The roles of Interferon Regulatory Factor 5 and Interleukin-1 Receptor-Associated Kinase 4 in systematic lupus erythematosus pathogenesis
Horne, Barry Kevin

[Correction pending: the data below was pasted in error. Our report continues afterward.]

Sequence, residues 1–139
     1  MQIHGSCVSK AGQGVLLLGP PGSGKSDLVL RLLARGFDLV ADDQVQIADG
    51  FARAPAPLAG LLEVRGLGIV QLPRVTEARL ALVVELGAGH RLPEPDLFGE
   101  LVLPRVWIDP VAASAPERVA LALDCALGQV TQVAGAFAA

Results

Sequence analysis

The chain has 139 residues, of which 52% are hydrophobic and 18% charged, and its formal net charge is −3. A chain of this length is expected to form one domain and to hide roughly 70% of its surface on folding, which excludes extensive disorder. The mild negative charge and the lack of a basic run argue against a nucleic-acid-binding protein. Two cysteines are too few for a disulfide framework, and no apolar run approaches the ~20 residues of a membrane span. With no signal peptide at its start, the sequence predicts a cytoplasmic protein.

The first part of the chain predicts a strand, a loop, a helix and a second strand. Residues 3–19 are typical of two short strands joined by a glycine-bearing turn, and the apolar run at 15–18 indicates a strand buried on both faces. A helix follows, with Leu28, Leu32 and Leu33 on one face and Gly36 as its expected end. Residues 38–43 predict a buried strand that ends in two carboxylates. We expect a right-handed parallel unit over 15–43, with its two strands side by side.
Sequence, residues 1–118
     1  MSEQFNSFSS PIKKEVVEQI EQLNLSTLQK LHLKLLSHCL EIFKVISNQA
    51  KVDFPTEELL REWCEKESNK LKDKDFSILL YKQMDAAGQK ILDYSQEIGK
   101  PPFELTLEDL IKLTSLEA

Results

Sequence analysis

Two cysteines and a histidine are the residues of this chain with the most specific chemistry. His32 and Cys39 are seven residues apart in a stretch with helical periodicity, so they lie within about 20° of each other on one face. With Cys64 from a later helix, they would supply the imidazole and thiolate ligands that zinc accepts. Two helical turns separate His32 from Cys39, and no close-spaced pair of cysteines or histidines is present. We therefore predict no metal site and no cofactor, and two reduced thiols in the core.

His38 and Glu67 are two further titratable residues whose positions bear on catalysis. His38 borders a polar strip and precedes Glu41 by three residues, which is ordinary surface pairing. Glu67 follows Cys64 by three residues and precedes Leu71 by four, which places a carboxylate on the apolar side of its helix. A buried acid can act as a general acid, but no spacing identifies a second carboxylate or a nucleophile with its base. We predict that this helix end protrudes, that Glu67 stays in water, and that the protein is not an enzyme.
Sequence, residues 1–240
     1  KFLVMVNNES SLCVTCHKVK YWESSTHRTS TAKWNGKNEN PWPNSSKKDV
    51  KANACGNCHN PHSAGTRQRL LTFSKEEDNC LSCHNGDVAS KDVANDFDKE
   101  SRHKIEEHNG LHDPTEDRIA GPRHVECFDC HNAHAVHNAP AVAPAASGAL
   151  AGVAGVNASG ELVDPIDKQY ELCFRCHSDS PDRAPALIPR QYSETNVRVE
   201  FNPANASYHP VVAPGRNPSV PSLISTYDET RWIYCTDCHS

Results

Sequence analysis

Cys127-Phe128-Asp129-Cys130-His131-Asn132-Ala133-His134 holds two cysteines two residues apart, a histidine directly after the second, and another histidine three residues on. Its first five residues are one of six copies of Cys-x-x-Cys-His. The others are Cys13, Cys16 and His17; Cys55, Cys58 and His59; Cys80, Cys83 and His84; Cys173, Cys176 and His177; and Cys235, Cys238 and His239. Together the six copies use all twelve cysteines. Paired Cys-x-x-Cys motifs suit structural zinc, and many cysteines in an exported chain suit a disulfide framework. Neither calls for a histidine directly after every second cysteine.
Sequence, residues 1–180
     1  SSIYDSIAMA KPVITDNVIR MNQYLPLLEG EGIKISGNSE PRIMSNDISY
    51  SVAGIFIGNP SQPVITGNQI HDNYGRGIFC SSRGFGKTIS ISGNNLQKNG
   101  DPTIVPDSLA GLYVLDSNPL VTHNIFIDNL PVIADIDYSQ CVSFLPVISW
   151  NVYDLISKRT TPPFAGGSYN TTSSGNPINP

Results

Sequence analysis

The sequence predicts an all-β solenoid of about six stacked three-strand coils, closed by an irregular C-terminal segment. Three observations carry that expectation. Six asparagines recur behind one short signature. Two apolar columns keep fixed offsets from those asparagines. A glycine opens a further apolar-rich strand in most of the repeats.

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Systemic Lupus Erythematosus (SLE) is a polygenic autoimmune disease. Genome Wide Association Studies (GWAS) have identified Interferon Regulatory Factor 5 (IRF5) and Interleukin-1 Receptor-Associated Kinase 4 (IRAK4) as risk loci, however prior research has failed to determine the specific cell types responsible for their roles in SLE pathogenesis or to place them in the same signaling pathway. IRF5 is expressed in the cytoplasm of immune, muscle, fat, and liver cells. Phosphorylation of the IRF5 protein causes activation and translocation to the nucleus, where it acts as a transcription factor. Systemic knockout of IRF5 prevents development of SLE in multiple mouse models. IRAK4 is also expressed in immune cells, where it acts as both a kinase and a scaffolding protein. We hypothesized that the kinase activity of IRAK4 is required in IRF5 activating pathways in immune cells during SLE pathogenesis. To test this, we conducted mouse bone marrow (BM) chimera studies involving the transfer of SLE-prone FcγRIIB-/-Yaa or SLE-protected FcγRIIB-/-.IRF5-/-Yaa BM cells to B6.SJL-Ptprca Pepcb/BoyJ (“CD45.1”) mice that do not develop SLE. Recipients were then examined for typical SLE markers: autoantibodies, adenopathy, splenomegaly, weight loss, and renal disease. Transfer of BM progenitors from the SLE-prone mice led to SLE in the recipients within 2-3 months of transplantation and the phenotype required IRF5 expression. Isolating and transducing BM stem cells from the SLE-protected group with a retroviral construct before transplantation established that replacement of the IRF5 gene was sufficient to restore the SLE phenotype, even when the number of cells expressing the transgene was low (<10%). Analysis of these transgene chimeras also yielded new insights on cell specific IRF5 aspects of the disease and phenotype marker interdependencies. Separately, we crossed FcγRIIB-/-Yaa mice with a line in which IRAK4 was modified to eliminate its kinase activity without altering its structural scaffold function. These hybrids demonstrated that IRAK4 kinase activity is required for the development of SLE and the phosphorylation of IRF5 in B cells stimulated with a Toll-like receptor 7 (TLR-7) ligand. Our combined results demonstrate that both IRAK4 kinase activity and IRF5 are required in immune cells for the development of SLE.
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